Motivation: The Key to Academic Success
Fr. Joe Mariadhas
[dropcap]E[/dropcap]veryone wants to achieve something and anything that one wants to achieve requires motivation. The results were out a few months ago and most of the students have taken admission in different educational institutions and colleges to pursue their academic carrier. I interviewed a few students and asked them this question, ‘what do you want most from life?’ and the answer was ‘to be successful’. I too feel that all of us want to be successful in everything we do. In order to be successful, we need wisdom to know what to do, the knowledge of how to do it, and the self motivation to do it. Success happens when preparation meets opportunity. We have entered into a new academic session and it seems to me that self motivation and the desire to seek sincere knowledge is lacking in our young generation who really need to equip themselves with the best of everything. It is not only my observation but also the most common problem that teachers and parents face is lack of student motivation.
What makes students study? This question, usually expressed with frustration, is heard over and over again whenever college faculty assembles. These are some of the observations made by faculty members who teach students in different colleges. “Students are motivated by fear,” some faculty members’ are of the opinion, “Give them tough classes and they’ll pull through.” Other faculty members might plea the opposite case, arguing that students thrive on positive feedback. Still other teaching faculty might argue that students work to satisfy their own personal achievement goals, or that students work when they believe that there will be direct payback – in future pay or opportunities – for the efforts expended today. Whatever it is we do find motivation lacking in student communities towards academic success. The disagreement about the sources of student motivation makes the question of academic motivation sound a great deal like that of workplace motivation.
There are many theories of motivation and also different kinds of motivation. The internal motivation propels an individual to actualization and success while external motivation is measured in terms of outcome or success of an individual after a task. Management theory abounds with contradictory theories about what makes employees work. Maslow (1968) argued that needs drive behavior, and that workplace (and, presumably, academic) motivation is determined by the level of the needs hierarchy at which the individual is operating. McClelland (1966) claimed instead that motivation is driven by an innate need to achieve, and Herzberg (1959) proposed that the content of the jobs themselves was the source of the elusive employee motivation. Motivation can either come from within the student (intrinsic) or from outside (extrinsic). A student who is intrinsically motivated performs a task because of the joy that comes from learning new materials. An individual who performs in colleges to gain parent approval, grades, or rewards is externally motivated and feels great in achieving them. While researches show that those individuals with internal motivation may achieve greater success, teachers and parents often find that many children seek external reinforces. Motivation, as parents and teachers know, often varies depending on the setting, the people involved, the task and the situation. The key for each learner is to find that which motivates. Be it internal or external, motivation is the key to academic success.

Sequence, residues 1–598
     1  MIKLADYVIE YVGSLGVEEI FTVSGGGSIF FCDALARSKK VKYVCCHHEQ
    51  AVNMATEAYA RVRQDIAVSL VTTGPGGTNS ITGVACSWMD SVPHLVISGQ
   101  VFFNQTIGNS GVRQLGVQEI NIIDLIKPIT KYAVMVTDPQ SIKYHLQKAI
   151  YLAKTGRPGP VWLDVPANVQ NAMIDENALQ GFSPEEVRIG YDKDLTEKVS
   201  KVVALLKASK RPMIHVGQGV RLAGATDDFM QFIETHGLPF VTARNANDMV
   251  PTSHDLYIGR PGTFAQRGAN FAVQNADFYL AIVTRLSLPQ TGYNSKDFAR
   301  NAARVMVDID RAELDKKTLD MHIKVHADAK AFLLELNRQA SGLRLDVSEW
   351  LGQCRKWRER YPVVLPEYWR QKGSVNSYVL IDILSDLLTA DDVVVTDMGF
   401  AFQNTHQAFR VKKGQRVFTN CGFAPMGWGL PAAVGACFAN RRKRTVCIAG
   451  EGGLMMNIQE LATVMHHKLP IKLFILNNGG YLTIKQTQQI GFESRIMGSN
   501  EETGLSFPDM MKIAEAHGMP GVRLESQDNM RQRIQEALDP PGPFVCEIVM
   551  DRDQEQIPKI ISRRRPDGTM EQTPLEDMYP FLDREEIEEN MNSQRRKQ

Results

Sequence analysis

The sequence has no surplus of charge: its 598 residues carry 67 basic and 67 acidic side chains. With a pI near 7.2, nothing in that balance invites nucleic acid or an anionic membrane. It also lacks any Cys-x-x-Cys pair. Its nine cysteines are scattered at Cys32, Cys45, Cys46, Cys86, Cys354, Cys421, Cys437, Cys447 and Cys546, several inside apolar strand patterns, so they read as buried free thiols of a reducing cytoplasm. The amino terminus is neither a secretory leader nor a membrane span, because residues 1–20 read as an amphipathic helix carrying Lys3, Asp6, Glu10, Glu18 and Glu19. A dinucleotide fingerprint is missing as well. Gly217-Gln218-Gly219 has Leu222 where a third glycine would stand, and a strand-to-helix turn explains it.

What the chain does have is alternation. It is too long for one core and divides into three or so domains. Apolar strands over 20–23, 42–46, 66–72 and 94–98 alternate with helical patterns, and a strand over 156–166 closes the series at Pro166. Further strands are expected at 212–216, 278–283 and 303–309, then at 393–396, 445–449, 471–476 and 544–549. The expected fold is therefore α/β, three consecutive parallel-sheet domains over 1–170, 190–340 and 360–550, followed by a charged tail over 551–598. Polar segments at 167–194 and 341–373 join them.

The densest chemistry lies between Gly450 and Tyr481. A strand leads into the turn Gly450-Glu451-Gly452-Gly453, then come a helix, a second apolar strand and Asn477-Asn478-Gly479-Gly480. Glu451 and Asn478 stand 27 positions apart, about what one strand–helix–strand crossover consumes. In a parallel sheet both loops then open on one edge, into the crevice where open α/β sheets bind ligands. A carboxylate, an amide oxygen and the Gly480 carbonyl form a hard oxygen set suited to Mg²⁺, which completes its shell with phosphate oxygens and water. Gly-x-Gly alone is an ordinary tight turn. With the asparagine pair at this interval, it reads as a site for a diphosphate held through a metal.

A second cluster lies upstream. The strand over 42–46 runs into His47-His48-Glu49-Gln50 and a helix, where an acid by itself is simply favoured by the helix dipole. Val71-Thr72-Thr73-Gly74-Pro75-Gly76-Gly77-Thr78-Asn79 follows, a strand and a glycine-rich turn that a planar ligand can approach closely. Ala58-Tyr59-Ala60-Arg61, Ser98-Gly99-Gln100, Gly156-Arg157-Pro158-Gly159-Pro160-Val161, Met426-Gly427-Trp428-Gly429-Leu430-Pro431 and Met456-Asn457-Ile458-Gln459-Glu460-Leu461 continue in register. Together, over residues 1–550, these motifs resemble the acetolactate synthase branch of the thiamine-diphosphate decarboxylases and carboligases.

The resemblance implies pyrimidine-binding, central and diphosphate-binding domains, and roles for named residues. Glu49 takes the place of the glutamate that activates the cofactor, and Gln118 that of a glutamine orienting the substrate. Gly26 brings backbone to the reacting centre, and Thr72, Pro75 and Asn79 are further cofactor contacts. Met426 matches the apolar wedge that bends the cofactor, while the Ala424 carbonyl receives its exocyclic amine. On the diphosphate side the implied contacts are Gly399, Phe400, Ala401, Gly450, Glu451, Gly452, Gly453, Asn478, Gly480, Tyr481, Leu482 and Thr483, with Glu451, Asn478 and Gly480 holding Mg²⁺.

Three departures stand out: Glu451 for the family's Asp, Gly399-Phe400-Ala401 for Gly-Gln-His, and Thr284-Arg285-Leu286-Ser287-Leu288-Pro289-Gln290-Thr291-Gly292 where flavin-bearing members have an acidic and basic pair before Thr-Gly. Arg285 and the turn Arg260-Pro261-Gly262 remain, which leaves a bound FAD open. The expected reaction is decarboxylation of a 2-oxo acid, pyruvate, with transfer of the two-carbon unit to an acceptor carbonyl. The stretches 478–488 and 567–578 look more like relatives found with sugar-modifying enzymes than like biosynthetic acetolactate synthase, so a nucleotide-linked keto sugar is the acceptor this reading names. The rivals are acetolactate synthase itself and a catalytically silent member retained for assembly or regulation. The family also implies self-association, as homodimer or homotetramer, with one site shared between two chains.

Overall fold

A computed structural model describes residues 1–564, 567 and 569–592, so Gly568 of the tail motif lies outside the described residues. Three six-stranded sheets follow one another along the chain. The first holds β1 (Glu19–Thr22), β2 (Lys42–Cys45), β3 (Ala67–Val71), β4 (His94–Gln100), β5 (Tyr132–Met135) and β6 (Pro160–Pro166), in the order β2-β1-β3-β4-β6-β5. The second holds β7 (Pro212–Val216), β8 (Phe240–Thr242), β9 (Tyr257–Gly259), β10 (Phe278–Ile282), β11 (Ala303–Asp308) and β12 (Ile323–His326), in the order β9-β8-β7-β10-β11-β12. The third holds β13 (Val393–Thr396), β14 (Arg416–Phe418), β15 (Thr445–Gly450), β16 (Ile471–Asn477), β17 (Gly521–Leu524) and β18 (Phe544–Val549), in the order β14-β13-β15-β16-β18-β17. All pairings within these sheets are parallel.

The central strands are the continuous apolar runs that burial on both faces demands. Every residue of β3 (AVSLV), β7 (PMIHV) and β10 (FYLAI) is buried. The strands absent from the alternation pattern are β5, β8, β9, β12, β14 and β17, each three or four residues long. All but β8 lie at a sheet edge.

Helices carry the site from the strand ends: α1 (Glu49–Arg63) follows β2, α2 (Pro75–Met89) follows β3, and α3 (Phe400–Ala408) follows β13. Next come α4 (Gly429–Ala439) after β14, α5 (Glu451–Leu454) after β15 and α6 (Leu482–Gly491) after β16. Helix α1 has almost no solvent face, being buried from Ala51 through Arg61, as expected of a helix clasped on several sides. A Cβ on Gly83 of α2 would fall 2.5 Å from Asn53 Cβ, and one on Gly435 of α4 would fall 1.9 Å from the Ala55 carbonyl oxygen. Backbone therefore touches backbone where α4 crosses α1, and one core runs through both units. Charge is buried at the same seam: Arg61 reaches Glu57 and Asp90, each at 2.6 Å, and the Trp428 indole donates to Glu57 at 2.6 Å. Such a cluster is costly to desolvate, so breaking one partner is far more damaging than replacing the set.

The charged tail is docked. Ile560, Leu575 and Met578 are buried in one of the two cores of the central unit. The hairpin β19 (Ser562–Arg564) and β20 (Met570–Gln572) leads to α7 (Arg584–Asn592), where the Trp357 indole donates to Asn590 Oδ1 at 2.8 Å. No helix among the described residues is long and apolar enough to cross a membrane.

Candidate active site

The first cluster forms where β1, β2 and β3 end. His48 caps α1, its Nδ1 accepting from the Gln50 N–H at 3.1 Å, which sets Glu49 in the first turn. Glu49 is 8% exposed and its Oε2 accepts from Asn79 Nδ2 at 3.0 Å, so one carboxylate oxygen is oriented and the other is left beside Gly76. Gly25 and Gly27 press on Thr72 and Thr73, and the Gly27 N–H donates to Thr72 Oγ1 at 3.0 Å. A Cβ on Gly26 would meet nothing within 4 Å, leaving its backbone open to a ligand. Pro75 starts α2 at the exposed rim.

A research conducted among the college students about their academic success state that college students’ explanations of their success and failure in challenging activities and how it relates to students’ efficacy, value, and engagement is the thriving force behind their academic success. The results suggest most students hold one primary reason for success during the challenging activity, including grade/extrinsic, mastery/intrinsic, a motivation/working, social, and performance. In order to motivate the students towards academic success, the teaching materials are to be challenging, relevant and it should have the application towards life situations. It is not just academic learning but actual learning for life. As John Dewey said, ‘Education is not preparation for life; but education is life itself’. These task reasons for success, if assumed to be goals were more numerous than those suggested by goal theory. Task reason for success was important for engagement, intrinsic value, difficulty compared to others, and effort. As expected, engagement and intrinsic value were highest for those with mastery reasons but lowest for those in a motivation or those who succeeded because they made the grade. Unexpectedly, success was more important for motivation and experience of the activity. These results suggest that it is important to examine not only student goals, but also whether or not students reach their goals.
Strong study habits are essential to student academic success, yet an understanding of the underlying motivations for student studying eludes most faculty members. One of the students said, “I am motivated to study because I want to graduate with honors, and another student told that he doesn’t like to study because he is forced by parents and teachers to study”. But we know that studying plays an integral role in the success of college students. Faculty members, however, are limited in their abilities to compel students to study. The motivation to study ultimately the responsibility for success or failure must rest with the students. As Davis and Murrell (1993) summarized, “While faculty members can serve as academic helmsmen, the collective energy of all students at the oars actually moves the boat through the water” .Nevertheless, teaching faculty measure their successes or failures in terms of student learning – and student learning is closely connected to student study behavior.